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You Are What You Eat

We don’t specifically recommend the “Paleo Diet” to the people that we see at the clinic, but we sure don’t eat like our hunter-gatherer ancestors; and from this, we can learn a lot about how we should be eating today.

We can only imagine what would happen if one of them tried to tackle a Big Mac, or a pizza, or even a chocolate bar. They might be wowed by a new taste sensation, but I’m not sure their stomachs would be impressed.

The truth is, the typical North American diet is vastly different now versus back then. In fact, about 70 per cent of our diet is made up of all those things we’re often warned against by nutrition experts – dairy products, trans fats, refined sugars, and cereal grains like wheat.
Our primitive ancestors ate little if any of this. They didn’t grow crops, milk domesticated animals, or turn to cola or juice as their water source.

So what did they eat?

(Much of the following is drawn from a great article in the March/April 2012 edition of the American Journal of Human Biology, by Staffan Lindeberg, “Paleolithic diets as a model for prevention and treatment of western disease.”)

For fruits and veggies, it was ripe fruits and berries, shoots, flowers, buds and young leaves, roots and bulbs. For protein and essential fats, it was bone marrow, organ meats, fish, shellfish, insects, larvae, eggs, nuts and non-grass seeds.

By studying their remains, scientists have found that our ancestors had favorable blood pressure and cholesterol, and good cardiovascular health, even though their diet was often high in meat consumption. Their diets were high in fibre and essential micronutrients that are often lost when food is processed and packaged.

What we find interesting to note is that eating this combination of natural whole foods is more than sufficient to provide a complete and balanced diet – science has proven it. There is nothing your body needs that can’t be obtained with a varied diet of meat, fish, shellfish, fresh fruit and vegetables, nuts, seeds, and eggs.

Why is this better?

So there’s no need to eat cereal grains that contain troublesome gluten or may be genetically modified. Nor is cow’s or goat’s milk in any way an essential part of our diet. Want to make sure you and your kids are getting their calcium for healthy bones? Then just eat your leafy greens, and lay off the grains and beans, because these can inhibit your body’s absorption of calcium.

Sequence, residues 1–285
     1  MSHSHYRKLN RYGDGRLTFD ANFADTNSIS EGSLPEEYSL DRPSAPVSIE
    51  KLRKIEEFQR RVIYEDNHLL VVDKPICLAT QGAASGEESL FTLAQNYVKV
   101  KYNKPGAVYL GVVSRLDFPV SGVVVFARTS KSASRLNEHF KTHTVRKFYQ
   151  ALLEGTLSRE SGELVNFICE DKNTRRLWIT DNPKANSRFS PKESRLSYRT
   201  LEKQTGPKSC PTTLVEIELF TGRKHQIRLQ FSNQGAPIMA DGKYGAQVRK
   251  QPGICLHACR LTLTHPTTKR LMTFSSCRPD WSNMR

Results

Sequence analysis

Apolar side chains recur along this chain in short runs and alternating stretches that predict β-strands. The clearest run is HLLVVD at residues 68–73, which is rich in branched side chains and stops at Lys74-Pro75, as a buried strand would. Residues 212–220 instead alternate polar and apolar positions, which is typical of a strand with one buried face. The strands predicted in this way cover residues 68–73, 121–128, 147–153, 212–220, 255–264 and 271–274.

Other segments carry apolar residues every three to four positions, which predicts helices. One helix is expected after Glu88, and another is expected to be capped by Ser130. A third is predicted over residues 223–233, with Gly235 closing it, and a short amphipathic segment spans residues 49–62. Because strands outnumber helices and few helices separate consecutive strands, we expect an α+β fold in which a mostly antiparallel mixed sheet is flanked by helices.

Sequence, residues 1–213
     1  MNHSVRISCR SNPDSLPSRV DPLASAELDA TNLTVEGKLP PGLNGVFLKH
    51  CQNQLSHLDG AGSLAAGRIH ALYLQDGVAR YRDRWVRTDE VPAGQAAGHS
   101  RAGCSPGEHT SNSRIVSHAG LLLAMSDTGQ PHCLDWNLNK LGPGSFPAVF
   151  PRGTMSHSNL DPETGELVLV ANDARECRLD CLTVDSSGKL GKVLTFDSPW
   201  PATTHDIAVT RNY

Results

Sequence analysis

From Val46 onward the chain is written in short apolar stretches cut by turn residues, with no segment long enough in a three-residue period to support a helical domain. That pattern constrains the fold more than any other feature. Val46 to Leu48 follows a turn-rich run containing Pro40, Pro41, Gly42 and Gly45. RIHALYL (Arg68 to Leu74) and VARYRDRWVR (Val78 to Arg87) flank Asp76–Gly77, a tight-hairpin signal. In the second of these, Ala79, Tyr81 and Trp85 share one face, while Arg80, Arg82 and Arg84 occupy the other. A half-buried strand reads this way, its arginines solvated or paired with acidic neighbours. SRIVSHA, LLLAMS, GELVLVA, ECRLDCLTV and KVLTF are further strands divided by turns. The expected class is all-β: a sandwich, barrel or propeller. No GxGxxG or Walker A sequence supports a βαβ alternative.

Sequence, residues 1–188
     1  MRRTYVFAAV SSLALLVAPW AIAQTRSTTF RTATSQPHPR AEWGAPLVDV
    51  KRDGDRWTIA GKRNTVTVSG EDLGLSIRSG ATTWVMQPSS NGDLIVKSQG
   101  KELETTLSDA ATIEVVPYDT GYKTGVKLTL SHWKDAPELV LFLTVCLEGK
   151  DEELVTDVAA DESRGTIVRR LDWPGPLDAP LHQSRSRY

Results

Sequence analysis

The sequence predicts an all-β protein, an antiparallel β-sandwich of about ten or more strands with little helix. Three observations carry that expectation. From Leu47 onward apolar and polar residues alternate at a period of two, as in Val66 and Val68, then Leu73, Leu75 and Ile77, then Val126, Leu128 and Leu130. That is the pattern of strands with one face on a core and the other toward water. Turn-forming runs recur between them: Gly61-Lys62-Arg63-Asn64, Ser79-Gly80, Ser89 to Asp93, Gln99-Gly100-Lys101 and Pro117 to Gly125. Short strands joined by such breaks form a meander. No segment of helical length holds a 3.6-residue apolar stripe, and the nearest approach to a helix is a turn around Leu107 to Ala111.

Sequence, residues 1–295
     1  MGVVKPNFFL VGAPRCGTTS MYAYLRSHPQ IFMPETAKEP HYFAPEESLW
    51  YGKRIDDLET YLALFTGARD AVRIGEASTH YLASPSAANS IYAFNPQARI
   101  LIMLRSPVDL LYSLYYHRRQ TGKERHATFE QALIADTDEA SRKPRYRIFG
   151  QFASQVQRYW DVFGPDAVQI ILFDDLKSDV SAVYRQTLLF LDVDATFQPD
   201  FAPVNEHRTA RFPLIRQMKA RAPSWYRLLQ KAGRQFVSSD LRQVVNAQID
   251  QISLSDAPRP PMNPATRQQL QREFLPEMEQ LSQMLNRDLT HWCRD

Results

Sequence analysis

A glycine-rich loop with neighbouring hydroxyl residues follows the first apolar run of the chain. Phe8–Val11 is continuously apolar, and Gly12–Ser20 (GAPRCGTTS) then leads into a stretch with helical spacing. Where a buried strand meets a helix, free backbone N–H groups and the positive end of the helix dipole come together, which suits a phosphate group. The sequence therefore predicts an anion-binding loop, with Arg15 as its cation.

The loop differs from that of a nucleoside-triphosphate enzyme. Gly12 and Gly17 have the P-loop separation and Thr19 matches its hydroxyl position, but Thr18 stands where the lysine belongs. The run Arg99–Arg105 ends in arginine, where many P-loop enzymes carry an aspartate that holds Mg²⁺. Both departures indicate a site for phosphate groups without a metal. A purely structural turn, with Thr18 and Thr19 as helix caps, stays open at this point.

In fact, cow milk consumption, much more than meat consumption, contributes to cardiovascular mortality. Casein, the dominant milk protein, promotes atheroscolerosis – hardening of the arteries.
We could go on, but the bottom line is this – the kinds of foods you eat is much more important to a healthy lifestyle than counting calories.

The bottom line

In a head-to-head comparison, a modern Paleolithic diet (insects and larvae not required) leads to:

  • Reduced waist lines
  • Improved blood sugar and glucose tolerance
  • Reduced blood sugar
  • Healthy levels of blood lipids (fatty acids and cholesterol)
  • Improved satiety (you feel full so you eat less)

It’s something to consider next time you’re in the supermarket. We’re not advocating drastic changes to your diet and household grocery list, but little changes over time can add up to a big difference.
For those of us who grew up in a typical Canadian household where milk, bread, sugary treats, and salty snacks were the norm, it’s admittedly hard to escape years of programmed behaviour. But like anything else in life, if it matters enough, you can find a way.

Did you find this information useful?

I hope you did. Please share it with your friends and family. You can also follow Hazeldean Family Chiropractic on Facebook, Twitter, and YouTube, where we regularly post on other health-related topics. Our website also has great information about Chiropractic care and other health topics.

4 Join the Conversation

  1. Anne Stoneham says
    Oct 24, 2015 at 1:07 AM

    Yes, L found it very interesting and it really is worth considering when you are shopping, especially. They also must have lived a very active life, just trying to survive all the hardships in their lives and their enemies, both other humans and animals as well. Many thanks for sending that in along.

    • Dr. Erin says
      Oct 26, 2015 at 5:14 PM

      Thanks Anne, glad you enjoyed it!

  2. Judi says
    Oct 25, 2015 at 6:34 AM

    Love getting this valuable info- thanks team at hazledean!!

    • Dr. Erin says
      Oct 26, 2015 at 5:15 PM

      Glad you are enjoying the content! Lots more where that one came from. If you use Facebook, you can like our page there too. Kelly can show you how :-)

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